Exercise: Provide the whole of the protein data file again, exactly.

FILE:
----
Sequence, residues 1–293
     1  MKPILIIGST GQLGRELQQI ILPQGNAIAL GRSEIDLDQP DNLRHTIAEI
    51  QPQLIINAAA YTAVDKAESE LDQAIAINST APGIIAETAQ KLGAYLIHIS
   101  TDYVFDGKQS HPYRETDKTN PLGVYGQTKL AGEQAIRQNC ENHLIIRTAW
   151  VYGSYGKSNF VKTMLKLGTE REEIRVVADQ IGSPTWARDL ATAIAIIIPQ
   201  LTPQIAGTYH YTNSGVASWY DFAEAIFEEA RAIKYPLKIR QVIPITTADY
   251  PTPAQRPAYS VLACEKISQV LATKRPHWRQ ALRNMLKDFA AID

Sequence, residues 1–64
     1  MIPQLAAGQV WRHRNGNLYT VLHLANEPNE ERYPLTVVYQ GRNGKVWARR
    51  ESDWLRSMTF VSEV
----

Sequence, residues 1–293
     1  MKPILIIGST GQLGRELQQI ILPQGNAIAL GRSEIDLDQP DNLRHTIAEI
    51  QPQLIINAAA YTAVDKAESE LDQAIAINST APGIIAETAQ KLGAYLIHIS
   101  TDYVFDGKQS HPYRETDKTN PLGVYGQTKL AGEQAIRQNC ENHLIIRTAW
   151  VYGSYGKSNF VKTMLKLGTE REEIRVVADQ IGSPTWARDL ATAIAIIIPQ
   201  LTPQIAGTYH YTNSGVASWY DFAEAIFEEA RAIKYPLKIR QVIPITTADY
   251  PTPAQRPAYS VLACEKISQV LATKRPHWRQ ALRNMLKDFA AID

Sequence, residues 1–64
     1  MIPQLAAGQV WRHRNGNLYT VLHLANEPNE ERYPLTVVYQ GRNGKVWARR
    51  ESDWLRSMTF VSEV